means to search Monsieur Caldwell's stateroom--eh?"
Two hours later fate was kind to them, for Paulvitch, who was ever on
the watch, saw Tarzan leave his room without locking the door. Five
minutes later Rokoff was stationed where he could give the alarm in
case Tarzan returned, and Paulvitch was deftly searching the contents
of the ape-man's luggage.
He was about to give up in despair when he saw a coat which Tarzan had
just removed. A moment later he grasped an official envelope in his
hand. A quick glance at its contents brought a broad smile to the
When he left the stateroom Tarzan himself could not have told that an
article in it had been touched since he left it--Paulvitch was a past
master in his chosen field. When he handed the packet to Rokoff in the
seclusion of their stateroom the larger man rang for a steward, and
ordered a pint of champagne.
"We must celebrate, my dear Alexis," he said.
"It was luck, Nikolas," explained Paulvitch. "It is evident that he
carries these papers always upon his person--just by chance he
neglected to transfer them when he changed coats a few minutes since.
But there will be the deuce to pay when he discovers his loss. I am
afraid that he will immediately connect you with it. Now that he knows
that you are on board he will suspect you at once."
"It will make no difference whom he suspects--after to-night," said
Rokoff, with a nasty grin.
After Miss Strong had gone below that night Tarzan stood leaning over
the rail looking far out to sea. Every night he had done this since he
had come on board--sometimes he stood thus for an hour. And the eyes
that had been watching his every movement since he had boarded the ship
at Algiers knew that this was his habit.
Even as he stood there this night those eyes were on him. Presently
the last straggler had left the deck. It was a clear night, but there
was no moon--objects on deck were barely discernible.
From the shadows of the cabin two figures crept stealthily upon the
ape-man from behind. The lapping of the waves against the ship's
sides, the whirring of the propeller, the throbbing of the engines,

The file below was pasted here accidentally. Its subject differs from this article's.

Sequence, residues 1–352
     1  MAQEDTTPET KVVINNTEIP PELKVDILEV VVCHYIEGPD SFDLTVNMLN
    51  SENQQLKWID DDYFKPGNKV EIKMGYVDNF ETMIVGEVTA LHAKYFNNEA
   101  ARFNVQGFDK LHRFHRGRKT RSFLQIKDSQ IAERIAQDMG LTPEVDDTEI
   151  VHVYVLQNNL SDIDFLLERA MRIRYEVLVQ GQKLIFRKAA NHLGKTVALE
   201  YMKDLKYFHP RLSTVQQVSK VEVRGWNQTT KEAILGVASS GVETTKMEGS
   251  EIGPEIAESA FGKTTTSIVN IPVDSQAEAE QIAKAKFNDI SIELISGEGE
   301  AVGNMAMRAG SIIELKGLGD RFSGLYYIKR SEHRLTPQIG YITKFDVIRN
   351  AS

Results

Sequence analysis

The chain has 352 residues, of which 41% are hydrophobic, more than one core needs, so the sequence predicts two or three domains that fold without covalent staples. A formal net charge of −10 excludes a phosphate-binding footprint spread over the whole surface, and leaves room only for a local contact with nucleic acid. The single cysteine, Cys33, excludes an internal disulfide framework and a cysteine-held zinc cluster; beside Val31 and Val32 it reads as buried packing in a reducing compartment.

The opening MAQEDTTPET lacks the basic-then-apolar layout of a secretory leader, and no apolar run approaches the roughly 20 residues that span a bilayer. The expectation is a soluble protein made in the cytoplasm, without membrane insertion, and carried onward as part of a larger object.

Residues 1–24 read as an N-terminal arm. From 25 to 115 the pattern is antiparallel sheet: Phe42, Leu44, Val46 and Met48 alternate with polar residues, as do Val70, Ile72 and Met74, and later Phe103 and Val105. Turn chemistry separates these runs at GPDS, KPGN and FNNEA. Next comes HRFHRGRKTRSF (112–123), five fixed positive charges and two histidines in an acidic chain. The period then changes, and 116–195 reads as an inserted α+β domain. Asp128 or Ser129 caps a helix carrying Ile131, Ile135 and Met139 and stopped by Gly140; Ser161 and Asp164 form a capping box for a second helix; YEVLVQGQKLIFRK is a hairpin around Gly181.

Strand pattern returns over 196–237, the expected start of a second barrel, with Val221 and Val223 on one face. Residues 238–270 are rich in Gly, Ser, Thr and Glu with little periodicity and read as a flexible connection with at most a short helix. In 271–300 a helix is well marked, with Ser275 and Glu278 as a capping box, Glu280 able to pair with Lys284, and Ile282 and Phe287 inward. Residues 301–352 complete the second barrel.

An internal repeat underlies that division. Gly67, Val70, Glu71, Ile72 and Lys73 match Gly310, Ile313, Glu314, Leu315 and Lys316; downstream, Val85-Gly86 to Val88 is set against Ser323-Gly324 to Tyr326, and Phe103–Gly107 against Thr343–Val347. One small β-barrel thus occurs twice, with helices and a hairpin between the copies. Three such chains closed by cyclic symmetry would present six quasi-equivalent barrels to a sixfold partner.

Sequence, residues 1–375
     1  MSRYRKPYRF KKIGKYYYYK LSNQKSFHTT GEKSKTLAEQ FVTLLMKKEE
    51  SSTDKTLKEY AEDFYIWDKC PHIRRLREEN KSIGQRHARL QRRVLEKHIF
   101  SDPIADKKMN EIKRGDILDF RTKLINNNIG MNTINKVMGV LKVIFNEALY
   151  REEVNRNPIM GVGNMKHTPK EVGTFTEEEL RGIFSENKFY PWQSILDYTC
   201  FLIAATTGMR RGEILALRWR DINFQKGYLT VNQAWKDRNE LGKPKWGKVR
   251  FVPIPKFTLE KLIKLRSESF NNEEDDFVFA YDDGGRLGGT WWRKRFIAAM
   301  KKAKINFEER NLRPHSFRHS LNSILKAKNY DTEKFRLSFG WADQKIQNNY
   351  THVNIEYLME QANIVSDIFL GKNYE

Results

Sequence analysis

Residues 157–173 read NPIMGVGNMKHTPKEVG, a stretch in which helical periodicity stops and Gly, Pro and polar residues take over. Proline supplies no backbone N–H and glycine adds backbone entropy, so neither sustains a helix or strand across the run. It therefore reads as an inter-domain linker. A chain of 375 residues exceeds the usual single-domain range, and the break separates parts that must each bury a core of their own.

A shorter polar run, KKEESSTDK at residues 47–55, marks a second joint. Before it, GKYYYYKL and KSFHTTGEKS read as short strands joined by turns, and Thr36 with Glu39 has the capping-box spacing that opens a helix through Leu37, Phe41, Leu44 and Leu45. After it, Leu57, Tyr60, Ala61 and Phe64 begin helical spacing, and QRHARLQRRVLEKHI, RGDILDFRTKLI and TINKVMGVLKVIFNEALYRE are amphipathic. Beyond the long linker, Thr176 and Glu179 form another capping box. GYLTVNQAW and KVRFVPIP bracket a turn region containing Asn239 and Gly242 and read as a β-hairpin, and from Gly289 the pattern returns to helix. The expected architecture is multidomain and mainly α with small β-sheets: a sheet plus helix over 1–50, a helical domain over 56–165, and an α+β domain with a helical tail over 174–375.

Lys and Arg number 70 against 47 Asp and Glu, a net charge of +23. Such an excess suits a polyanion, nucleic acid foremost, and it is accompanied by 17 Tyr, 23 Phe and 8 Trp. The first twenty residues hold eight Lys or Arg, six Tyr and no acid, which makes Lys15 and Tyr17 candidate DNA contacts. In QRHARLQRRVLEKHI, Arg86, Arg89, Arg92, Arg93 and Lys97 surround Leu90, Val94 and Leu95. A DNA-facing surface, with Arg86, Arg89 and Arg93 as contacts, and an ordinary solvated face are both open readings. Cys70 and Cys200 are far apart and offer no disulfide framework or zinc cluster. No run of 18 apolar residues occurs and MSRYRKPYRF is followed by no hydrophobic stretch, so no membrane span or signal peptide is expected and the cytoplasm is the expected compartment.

drowned the almost soundless approach of the two.
They were quite close to him now, and crouching low, like tacklers on a
gridiron. One of them raised his hand and lowered it, as though
counting off seconds--one--two--three! As one man
He tried whistling in an effort to shake off the depressing effects of this seeming solitude through which he moved; but there remained with him still the hallucination that he moved alone through a strange, new world peopled by invisible and unfamiliar forms--menacing shapes which lurked in waiting behind each tree and shrub.Page 9
Some of the others followed his example.Page 10
"You better do it," urged The General, in a soft, insinuating voice.Page 12
He was a prosaic old bachelor who had amassed a fortune by the simple means of inheriting three farms upon which an industrial city subsequently had been built.Page 19
"Running out to your country place? Isn't there danger of skidding on these wet roads at night? I told James, just before we started, to be sure to see that the chains were on all around; but he forgot them.Page 22
Their victim disappears--that is all.Page 25
In his frantic effort to find the button and relight the lamp the worst occurred--he fumbled the button and the lamp slipped through his fingers, falling over the bannister to the floor below.Page 29
"She's suffering from shock alone, as far as I can judge.Page 36
The youth begged that he might accompany Bridge upon the road, pleading that his mother was dead and that he could not return home after his escapade.Page 50
It would break his heart.Page 51
Why already Jonas Prim's got a regular dee-dectiff down from Chicago, an' the board o' select-men's offered a re-ward o' fifty dollars fer the arrest an' conviction of the perpetrators of these dastardly crimes!" "Gosh!" cried Willie Case.Page 52
Fifty dollars!! Willie gasped.Page 60
"Yep," replied Burton.Page 67
They look Oakdale for us if they wan' fin' us.Page 70
Already he had solved one of them to his satisfaction; and Dopey Charlie and The General were, all unknown to themselves, on the way to the gallows for the murder of Old John Baggs.Page 81
" Along the road from the north came a large touring car, swinging from side to side in its speed.Page 84
They heard the motor draw up in front of the house; but they did not venture into the reception hall or out upon the porch, though for different reasons.Page 85
Prim gasped and sank upon a sofa.Page 91
"God help you if you've killed either of them, for one of them must know what became of Abigail.Page 95
39 2 6 Squibbs farm.